She stands there in the cold, at the entrance to Fred Meyer, QFC or Safeway. She’s bundled up in her warmest coat wearing fingerless gloves, a big smile and her Girl Scout vest — blue for Daisies, chocolate for Brownies, green for Juniors and khaki for Cadets, Seniors and Ambassadors.
Her booth is neat and tidy, a miniscule table with a poster she decorated last night in her kitchen with markers and glitter that scattered all over the floor. On the top of table is a row of cookies, special treats available only once a year.
You know those cookies. Maybe you don’t know the names they’re called now in Western Washington: Tagalongs, Samoas, Thin Mints and Trefoils. Perhaps you have older names in the deep recesses of your memory banks. But it doesn’t matter what they’re called, you can taste those cookies before you see them.
Not only that, but maybe you have other memories too: going to Girl Scout camp when you were little, shooting arrows at the archery range, saddling up a horse, weaving a lanyard or building a campfire. Maybe your mom was a Girl Scout, or you grandma — or your great grandma.
Anyone who was a Girl Scout has a long memory. Girl Scouts know that before there was a Women’s March or Sen. Patty Murray, one of the most powerful people in the Senate, there was Juliette Gordon Low who back in 1912 called up her cousin and said, “I’ve got something for the girls of Savannah, and all of America, and all the world, and we’re going to start it tonight!”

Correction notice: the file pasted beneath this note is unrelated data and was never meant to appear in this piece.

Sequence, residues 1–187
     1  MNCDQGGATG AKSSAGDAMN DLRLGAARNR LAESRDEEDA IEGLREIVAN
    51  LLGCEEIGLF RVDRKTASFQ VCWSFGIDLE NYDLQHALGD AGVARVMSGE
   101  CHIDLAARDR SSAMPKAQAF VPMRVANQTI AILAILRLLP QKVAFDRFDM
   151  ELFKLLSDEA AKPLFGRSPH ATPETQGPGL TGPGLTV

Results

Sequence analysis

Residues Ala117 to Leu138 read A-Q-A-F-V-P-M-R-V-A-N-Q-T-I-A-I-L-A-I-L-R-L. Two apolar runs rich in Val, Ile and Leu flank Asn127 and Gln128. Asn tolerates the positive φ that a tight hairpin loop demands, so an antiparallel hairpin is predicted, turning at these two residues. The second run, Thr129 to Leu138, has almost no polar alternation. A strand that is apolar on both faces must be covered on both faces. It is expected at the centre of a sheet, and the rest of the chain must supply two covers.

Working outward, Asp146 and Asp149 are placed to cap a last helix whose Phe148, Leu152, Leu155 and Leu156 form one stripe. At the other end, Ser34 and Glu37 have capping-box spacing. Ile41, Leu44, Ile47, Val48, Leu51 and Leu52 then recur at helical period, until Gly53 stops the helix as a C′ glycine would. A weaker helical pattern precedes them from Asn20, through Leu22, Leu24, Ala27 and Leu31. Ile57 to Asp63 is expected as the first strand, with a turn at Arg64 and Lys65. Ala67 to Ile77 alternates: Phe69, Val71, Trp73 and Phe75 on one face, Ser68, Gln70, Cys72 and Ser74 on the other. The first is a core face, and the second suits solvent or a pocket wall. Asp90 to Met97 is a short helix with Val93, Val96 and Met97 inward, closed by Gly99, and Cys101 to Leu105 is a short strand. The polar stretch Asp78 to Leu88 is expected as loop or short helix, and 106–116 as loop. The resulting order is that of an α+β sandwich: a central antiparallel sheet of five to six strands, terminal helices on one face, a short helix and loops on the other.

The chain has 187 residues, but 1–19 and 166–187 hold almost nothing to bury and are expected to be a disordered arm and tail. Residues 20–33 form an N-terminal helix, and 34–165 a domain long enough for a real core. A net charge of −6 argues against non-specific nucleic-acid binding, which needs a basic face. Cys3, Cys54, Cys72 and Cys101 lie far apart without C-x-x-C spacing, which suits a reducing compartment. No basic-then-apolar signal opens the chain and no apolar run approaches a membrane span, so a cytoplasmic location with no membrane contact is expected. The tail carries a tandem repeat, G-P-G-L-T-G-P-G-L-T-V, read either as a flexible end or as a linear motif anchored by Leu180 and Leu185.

Nowadays, the Girl Scouts of Western Washington are living Low’s vision of hands-on learning and adventure. In addition to pouring countless service hours into their local communities, Girl Scouts do fun things, too. They compete in robotics teams, hike in the Cascades, travel to London and more. Older Girl Scouts have the opportunity to earn the Gold Award, which is every bit as prestigious as becoming an Eagle Scout in the Boy Scouts.
All of this is supported by cookie sales.
Profits stay within Washington and not only pay for the fun activities that troops do, but also help maintain properties like Camp River Ranch, Camp Robinnswold, Camp Lyle Mcleod and Camp St. Albans. At a national level, Girl Scout camps are on the decline for a variety of reasons, but a big one is the reluctance of modern helicopter parents to send their children away for a few days. This is a shame because residential camping is a golden opportunity for girls to become resilient young women. Keeping camp properties in Washington afloat benefits future generations.
That Girl Scout you see at the front of the grocery store on a cold Wednesday night has grit. She’s not just selling cookies, she’s part of a long sisterhood of women that stretches from the past to the future, and you, buying a box of Thin Mints, helps keep Girl Scouting alive.
Jennifer Bardsley is author of the books “Genesis Girl” and “Damaged Goods.” Find her online on Instagram @the_ya_gal, on Twitter @jennbardsley or on Facebook as The YA Gal.